Mercy or Pity
As Moshe prayed to
In his commentary to Exodus, Rabbeinu Bachaya writes that rachum and chanun represent
We can discern the difference between rachum and chanun by way of an analogy in human interactions, specifically by looking at the relationship between a victim and one who has the power to save him. In that relationship the word chanun focuses on the victim, while the word rachum focuses on the savior. Chanun denotes the idea of the victim finding “favor” (chein) in the eyes of the savior (when talking about
Other commentators offer other ways of differentiating between these two terms, and what follows is a brief potpourri of such explanations:
- Rabbi Yosef Bechor-Shor writes that rachum is for the poor because it denotes mercy and the decision to help save one from his dismal situation, while chanun is for the rich because it simply denotes granting somebody a present, regardless of how dire his situation is.
- A gloss to Tosefot (Rosh Hashana 17b) explains that the word rachamim denotes a form of clemency whereby
G-dwithholds a calamity from befalling an individual, while the word chanun denotes G-dgranting someone a special reprieve while he is in the midst of distress.
- Rabbi Elazar Rokeach of Worms explains that rachum denotes acting with mercy beyond that which is required by the letter of the law, while chanun denotes using the system of justice to heed another’s call for clemency. Nonetheless, others explain the opposite: the trait of rachum is only applied to one who asks for mercy, while chanun is even if one does not request mercy.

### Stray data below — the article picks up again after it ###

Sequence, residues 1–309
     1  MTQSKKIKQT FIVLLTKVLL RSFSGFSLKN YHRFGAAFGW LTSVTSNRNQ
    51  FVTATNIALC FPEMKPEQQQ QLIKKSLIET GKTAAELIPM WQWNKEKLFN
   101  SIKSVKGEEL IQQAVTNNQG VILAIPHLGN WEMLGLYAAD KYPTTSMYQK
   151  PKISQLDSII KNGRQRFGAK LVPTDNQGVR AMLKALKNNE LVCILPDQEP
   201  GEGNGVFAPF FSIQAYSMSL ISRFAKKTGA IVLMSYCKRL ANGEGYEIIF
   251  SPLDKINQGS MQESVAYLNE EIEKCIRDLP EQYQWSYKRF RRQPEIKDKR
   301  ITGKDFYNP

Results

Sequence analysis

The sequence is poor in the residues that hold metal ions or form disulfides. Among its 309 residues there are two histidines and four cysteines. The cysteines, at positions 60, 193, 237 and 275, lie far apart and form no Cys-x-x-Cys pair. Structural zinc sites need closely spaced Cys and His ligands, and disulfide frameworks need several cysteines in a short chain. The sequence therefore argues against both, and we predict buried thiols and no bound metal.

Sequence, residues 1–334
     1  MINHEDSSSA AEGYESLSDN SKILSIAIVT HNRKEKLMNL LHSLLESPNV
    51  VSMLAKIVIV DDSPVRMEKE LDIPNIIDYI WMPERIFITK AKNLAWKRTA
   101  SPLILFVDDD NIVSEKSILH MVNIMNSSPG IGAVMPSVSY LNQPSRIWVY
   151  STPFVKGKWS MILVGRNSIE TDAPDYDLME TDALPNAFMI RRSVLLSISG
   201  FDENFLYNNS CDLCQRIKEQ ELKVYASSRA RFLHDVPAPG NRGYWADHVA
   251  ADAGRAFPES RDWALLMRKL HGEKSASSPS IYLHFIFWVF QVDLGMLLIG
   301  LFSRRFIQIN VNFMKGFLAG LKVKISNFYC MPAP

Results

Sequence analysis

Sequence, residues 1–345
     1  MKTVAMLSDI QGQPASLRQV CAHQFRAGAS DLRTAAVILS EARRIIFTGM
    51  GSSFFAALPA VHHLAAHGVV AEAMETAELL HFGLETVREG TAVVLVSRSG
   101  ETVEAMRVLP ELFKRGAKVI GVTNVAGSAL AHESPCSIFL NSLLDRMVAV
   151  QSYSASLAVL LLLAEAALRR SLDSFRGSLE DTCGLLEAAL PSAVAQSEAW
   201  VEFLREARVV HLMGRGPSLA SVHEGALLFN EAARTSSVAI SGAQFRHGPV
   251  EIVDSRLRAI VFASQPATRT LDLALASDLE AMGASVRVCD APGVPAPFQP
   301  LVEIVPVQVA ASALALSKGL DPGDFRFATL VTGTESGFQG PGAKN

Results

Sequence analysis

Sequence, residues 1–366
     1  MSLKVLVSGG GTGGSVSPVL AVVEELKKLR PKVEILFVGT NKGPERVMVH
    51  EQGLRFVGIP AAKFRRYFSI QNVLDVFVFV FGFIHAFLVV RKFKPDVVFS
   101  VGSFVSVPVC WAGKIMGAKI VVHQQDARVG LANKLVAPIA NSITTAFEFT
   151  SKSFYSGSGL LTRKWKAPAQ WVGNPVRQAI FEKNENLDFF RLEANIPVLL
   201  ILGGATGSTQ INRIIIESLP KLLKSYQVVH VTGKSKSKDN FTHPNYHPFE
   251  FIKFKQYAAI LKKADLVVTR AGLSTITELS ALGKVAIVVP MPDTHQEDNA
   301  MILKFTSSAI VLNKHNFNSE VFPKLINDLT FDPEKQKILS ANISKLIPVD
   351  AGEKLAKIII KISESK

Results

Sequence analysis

- Rabbeinu Bachaya writes that rachamim is
G-d’s general way of overseeing the world, while chanun is His way of specifically overseeing each element of Creation.
- Rabbi Avraham bar Chaim Ibn Ramoch (in his commentary to Psalms 86:16, 112:4, and 145:8) — who lived in Spain at the beginning of the Spanish Inquisition — writes that rachum refers to saving another from any form of suffering, while chanun refers to granting him intellectual gifts (which allow him to help himself).
The Malbim discusses two more words (which do not appear as part of
Chus refers to having mercy on something out of a refusal to allow it to be destroyed because then he will lose whatever benefit he gains from that item/person/entity. The first word of the phrase chas v’shalom (loosely translated as “G-d forbid” or “Heaven forefend”) is a conjugation of the word chus. The word chemlah is a form of pity that one refuses to allow something/someone’s destruction because of an innate quality of that thing/person. That quality could be some form of aesthetic beauty or another perceived type of completion, which one does not want to see ruined. As Rabbi Wertheimer points out, the concept of chemlah as pity can be applied to pitying he who does not have the ability to ask for help (e.g., a child or somebody lacking the mental capacities to ask for help).
- L'iluy Nishmat my mother Bracha bat R' Dovid and my grandmother Shprintza bat R' Meir